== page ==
• Clarify who will lead the joint learning effort. Perhaps not just which of the two organizations, but which staff position. This may be important in providing clues regarding how the activity is perceived by both organizations and whether there is a disconnect that needs to be addressed. Does the position/person have the right level of seniority, appropriate level of expertise, etc.? If it is important for all parties to be represented fairly and equally in the discussion, it may be a good idea to get the support of a third party facilitator to ensure neutrality in the conduct of the session.
  • Clarify the schedule of learning activities. Avoid using ambiguous wording. Phrasing such as “Lessons learned will be documented on a regular basis” can be interpreted in many different ways and could lead to disconnects between the collaborating partners.
  • Stipulate the methods to be used: A wide-open lessons learned conversation with 20-30 participants is very different from a series of one-on-one interviews, yet both could conceivably be used to elicit and document project lessons. In fact, a broad discussion of methods and their use in the specific context of the project would be valuable. Don’t assume that the way you’ve been doing it on other projects is necessarily the right approach in this context.
  • Be clear about outputs and utilization: Discuss how lessons identified will be utilized to make adjustments to the path forward in terms of work plans and specific activities. For example, my preferred format for documenting lessons learned discussions is an insight map. However, I would never assume that it’s always the best format or that it works for everyone. Beyond concerns about formats which can be trivial, it’s important to talk upfront about whether the session is meant to identify specific recommendations and actions or not. In some cases, the parties to the discussion have a wide open conversation, go back to their respective offices and independently decide on specific actions they will take to address issues raised during the lessons learned meeting and perhaps report on actions taken at a later date. In other cases, a second joint meeting may be held to focus on specific recommendations and actions. In these different variations of the process, it’s also important to discuss the issue of decision making and validation. Who will have the final say in terms of the final version of the lessons and/or recommendations? What kind of follow up or accountability process is in place to ensure that lessons are indeed embedded into future activities (within the ongoing project, not just in a potential future collaboration)?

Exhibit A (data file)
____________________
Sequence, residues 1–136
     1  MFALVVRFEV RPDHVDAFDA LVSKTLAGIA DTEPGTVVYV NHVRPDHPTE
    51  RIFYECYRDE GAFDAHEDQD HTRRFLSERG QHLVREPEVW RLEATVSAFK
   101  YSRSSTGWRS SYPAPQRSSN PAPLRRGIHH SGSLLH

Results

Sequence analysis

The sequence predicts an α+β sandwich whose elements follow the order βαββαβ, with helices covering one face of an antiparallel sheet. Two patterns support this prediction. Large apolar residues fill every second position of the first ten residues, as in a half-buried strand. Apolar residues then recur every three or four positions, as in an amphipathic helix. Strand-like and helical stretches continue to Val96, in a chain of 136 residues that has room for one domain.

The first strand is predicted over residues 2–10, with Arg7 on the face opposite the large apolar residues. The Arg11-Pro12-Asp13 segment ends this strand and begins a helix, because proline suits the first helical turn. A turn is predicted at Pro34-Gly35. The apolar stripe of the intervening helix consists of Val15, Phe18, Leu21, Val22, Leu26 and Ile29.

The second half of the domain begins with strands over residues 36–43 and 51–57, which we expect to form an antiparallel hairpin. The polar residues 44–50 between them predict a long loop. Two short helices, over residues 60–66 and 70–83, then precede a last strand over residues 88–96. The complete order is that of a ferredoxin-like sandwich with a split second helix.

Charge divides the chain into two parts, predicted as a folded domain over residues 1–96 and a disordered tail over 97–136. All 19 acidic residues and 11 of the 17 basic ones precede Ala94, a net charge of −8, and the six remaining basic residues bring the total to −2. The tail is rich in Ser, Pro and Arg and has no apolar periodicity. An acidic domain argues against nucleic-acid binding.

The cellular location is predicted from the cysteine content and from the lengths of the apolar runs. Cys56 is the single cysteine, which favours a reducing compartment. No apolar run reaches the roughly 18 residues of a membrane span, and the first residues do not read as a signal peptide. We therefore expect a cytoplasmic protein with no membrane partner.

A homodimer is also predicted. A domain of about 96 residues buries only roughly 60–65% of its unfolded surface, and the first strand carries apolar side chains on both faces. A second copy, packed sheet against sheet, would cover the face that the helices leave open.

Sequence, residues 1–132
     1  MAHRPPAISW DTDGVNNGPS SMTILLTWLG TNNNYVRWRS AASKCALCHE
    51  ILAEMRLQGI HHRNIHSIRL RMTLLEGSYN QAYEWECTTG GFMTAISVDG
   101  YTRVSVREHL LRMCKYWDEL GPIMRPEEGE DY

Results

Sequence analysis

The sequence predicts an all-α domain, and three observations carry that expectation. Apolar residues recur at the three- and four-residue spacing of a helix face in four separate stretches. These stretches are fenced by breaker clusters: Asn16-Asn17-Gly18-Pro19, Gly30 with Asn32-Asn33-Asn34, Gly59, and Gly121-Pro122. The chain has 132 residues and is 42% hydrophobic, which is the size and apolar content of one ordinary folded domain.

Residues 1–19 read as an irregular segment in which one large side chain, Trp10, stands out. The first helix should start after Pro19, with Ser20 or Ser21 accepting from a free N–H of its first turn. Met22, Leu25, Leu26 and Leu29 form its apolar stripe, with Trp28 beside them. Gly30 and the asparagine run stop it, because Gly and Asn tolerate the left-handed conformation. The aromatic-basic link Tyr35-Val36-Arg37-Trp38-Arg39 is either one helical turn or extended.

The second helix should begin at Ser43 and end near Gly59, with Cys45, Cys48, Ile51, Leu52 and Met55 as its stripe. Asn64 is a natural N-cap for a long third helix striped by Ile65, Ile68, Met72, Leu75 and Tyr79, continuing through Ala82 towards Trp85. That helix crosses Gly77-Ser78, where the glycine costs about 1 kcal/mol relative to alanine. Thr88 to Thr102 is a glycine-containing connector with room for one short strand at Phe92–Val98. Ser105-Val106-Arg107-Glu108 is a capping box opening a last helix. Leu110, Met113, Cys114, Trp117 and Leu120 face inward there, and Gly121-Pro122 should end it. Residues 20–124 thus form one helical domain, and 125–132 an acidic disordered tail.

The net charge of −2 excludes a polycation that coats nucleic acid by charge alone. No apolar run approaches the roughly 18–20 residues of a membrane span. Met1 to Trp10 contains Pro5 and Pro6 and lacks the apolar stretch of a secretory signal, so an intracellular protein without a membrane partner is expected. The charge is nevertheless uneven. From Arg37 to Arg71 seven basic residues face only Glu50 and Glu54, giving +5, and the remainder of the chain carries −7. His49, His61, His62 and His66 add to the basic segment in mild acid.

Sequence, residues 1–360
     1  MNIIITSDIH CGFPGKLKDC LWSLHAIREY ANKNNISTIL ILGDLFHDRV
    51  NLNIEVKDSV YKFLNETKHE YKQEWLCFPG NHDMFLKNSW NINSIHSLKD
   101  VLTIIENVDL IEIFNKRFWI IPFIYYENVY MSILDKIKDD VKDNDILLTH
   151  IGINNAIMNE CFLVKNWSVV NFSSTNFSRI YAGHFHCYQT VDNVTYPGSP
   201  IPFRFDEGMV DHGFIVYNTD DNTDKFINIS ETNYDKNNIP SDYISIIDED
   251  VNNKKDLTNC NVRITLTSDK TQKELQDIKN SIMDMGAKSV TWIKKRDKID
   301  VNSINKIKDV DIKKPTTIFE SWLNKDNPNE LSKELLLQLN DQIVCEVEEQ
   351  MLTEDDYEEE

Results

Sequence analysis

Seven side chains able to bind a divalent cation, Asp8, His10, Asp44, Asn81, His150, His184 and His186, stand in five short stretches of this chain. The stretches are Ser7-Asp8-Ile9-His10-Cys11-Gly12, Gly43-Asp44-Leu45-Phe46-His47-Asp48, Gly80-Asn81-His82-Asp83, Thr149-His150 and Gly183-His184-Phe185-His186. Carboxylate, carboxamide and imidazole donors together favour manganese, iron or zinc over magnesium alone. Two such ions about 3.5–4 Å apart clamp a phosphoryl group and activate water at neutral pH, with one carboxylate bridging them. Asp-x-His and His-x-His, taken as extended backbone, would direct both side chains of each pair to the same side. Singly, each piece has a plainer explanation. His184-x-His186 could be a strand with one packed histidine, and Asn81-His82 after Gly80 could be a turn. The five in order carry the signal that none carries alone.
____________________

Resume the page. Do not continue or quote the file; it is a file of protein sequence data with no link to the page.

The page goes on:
• Be ready for disconnects: Since it is not possible to anticipate every inaccurate assumption or disconnect that might derail the collaboration, there should be a clear mechanism for quickly addressing disconnects when they arise. 
And a final point, don’t assume that prior collaboration experience between two organizations means you can skip all these steps about clarifying assumptions. For all you know, one of the two organizations may have held an internal lessons learned process at the end of the last collaboration and decided that it didn’t work well for them and they would recommend a completely different approach. Or, you might just be dealing with very different team, different leadership, making it a completely different collaborative environment. It never hurts to check that you are all on the same page.